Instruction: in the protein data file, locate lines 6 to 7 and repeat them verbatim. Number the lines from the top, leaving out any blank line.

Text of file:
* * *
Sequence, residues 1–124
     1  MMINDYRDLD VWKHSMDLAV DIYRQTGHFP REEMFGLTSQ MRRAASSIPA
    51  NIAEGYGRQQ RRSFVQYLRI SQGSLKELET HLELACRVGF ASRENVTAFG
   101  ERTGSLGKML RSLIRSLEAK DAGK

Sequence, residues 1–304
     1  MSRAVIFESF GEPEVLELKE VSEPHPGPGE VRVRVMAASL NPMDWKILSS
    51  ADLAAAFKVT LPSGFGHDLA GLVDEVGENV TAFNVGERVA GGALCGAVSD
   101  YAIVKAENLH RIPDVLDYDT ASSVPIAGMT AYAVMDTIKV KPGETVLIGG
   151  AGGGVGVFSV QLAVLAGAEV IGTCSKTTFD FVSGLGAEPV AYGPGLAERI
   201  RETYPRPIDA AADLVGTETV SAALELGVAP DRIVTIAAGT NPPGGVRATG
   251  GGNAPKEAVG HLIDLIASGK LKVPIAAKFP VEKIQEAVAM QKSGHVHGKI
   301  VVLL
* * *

     1  MSRAVIFESF GEPEVLELKE VSEPHPGPGE VRVRVMAASL NPMDWKILSS
    51  ADLAAAFKVT LPSGFGHDLA GLVDEVGENV TAFNVGERVA GGALCGAVSD